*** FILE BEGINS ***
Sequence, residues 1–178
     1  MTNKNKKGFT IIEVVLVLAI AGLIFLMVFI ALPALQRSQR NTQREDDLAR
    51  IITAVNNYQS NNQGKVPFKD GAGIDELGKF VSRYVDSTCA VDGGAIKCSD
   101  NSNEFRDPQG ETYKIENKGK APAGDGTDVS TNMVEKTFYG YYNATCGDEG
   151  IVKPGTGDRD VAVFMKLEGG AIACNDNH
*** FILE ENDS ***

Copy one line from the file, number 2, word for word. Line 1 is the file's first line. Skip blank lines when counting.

     1  MTNKNKKGFT IIEVVLVLAI AGLIFLMVFI ALPALQRSQR NTQREDDLAR